Thursday, December 26, 2013

Vampire Hunter D, by Melissa Williams


1    The artwork of Takaki obviously screams sketchy since it is drawn in pen and is so dark that it makes the reader begin to fear for the safety of the characters the moment he or she picks up any of the books. Part of the sketchiness stems from the need to make the book feel like it is set in a wild and untamed place. Sometimes, the characters will have hair that is hard for them to control, that flows where ever that it wants to flow rather than look like it had just been recently brushed. Many of the characters have dark rims under their eyes to make them look as if they are overworked and on the verge of death. Often, if a character is creepy enough in attitude, they will be drawn in a way that makes them seem less human than the various monsters that D will face throughout the series.

2.      Before Vampire Hunter D was a manga, it was originally a set of novels. It made it even more amazing to see it as a manga after reading the novel. While the novel was deep and gave more insight into D’s thoughts and character, with the manga we get a deeper sense of dread and fear. We can see the pain that Doris suffers when realizing the only thing she can offer D as payment is her own body. Also, the fights become more engaging as we get to see how D would have to keep perfect concentration during his fights. At one point, D is even dies, but getting to see the motionless body lay there makes the reader realize he really did die where in the novel there is that feeling he could be faking it.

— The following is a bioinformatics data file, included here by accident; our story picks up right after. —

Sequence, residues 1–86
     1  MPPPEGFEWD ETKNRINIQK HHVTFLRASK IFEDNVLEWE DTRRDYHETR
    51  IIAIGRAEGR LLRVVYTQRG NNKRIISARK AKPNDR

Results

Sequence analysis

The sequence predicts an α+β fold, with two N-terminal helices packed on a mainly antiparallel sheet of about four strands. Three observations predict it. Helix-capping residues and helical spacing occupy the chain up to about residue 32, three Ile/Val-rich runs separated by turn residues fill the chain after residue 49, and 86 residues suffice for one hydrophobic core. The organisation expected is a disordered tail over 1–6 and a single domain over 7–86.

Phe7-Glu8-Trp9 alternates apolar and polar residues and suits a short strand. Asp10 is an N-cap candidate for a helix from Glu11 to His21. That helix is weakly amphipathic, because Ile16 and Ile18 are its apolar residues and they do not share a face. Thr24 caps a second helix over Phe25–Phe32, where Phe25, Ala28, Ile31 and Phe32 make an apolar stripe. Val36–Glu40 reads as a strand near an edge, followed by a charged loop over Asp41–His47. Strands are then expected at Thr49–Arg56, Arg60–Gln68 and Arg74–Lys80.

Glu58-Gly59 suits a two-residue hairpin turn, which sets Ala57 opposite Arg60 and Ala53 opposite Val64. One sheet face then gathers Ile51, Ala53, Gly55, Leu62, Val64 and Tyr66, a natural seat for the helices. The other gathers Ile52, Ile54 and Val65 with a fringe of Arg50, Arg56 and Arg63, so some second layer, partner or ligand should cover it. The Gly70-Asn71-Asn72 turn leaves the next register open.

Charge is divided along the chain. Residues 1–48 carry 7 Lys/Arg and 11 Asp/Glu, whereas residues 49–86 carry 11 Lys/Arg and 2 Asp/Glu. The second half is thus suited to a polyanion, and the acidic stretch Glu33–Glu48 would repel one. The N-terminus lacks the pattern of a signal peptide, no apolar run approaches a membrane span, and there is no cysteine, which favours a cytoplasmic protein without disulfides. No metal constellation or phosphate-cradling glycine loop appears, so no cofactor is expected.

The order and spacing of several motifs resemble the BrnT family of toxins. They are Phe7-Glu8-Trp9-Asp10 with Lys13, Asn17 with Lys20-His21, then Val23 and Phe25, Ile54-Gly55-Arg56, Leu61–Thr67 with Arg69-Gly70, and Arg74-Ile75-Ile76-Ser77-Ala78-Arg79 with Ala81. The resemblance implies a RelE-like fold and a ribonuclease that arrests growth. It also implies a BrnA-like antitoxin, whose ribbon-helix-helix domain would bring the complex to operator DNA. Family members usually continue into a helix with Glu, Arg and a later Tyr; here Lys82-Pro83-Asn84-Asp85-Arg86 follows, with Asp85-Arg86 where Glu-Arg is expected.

3.      Although written in a way that it sounds like a third person character narrating the story, everything constantly focuses on D. They talk about his thoughts, actions, and emotions throughout the entire series. Basically, the reader gets to go on the journey with D as if they were a character themselves, but in a way that they are never mentioned. It gives them the separation of not being there to suffer what the characters do, but allows them a close enough look to know what they are going through.


4.      My favorite scene throughout the entire series is when D confronts Dan for crying. While D is also trying to comfort him too, he does not want Dan crying because it would hurt Doris to see it happening as well. So, he tells him to not make his sister cry because he is a man, and thus men should not make women cry. Without the artwork from the manga, you do not really get to see just how much bigger D is from the nine year old Dan. Thanks to D finally sitting down on one knee, you get to see that should he stand up next to Dan that the boy would only come to D’s thighs. The cape flowing behind D along with the large black hat makes the reader realize that D could be just as dangerous to Dan as he could be comforting. This scene really allows a glimpse into D’s values since he openly states them. Sure, there is the prize of getting to sleep with a woman that D admitted to being quite beautiful, but despite that awesome flaw that proves he is not perfect, that inside he still cares about people 

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